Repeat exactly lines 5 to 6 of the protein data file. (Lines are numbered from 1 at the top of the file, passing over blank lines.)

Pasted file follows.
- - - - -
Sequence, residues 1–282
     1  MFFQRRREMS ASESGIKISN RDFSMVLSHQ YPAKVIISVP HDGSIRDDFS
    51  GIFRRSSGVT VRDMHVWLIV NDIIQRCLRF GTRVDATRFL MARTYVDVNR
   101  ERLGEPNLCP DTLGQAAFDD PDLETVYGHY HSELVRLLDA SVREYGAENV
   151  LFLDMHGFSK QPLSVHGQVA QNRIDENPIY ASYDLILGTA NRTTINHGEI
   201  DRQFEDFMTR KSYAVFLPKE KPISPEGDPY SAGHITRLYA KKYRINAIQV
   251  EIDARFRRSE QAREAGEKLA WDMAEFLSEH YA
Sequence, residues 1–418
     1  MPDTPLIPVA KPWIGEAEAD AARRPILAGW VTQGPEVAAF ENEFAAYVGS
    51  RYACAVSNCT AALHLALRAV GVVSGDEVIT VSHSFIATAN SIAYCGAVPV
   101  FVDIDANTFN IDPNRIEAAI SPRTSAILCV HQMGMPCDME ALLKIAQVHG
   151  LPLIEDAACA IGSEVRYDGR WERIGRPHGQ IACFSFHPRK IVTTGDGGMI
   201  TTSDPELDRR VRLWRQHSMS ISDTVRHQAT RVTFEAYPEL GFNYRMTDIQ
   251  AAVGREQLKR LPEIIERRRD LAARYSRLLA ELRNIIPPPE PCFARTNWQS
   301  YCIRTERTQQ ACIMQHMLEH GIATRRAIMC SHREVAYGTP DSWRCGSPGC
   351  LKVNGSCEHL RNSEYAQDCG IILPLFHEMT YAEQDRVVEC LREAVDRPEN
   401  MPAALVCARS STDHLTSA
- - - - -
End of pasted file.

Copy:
   151  LFLDMHGFSK QPLSVHGQVA QNRIDENPIY ASYDLILGTA NRTTINHGEI
   201  DRQFEDFMTR KSYAVFLPKE KPISPEGDPY SAGHITRLYA KKYRINAIQV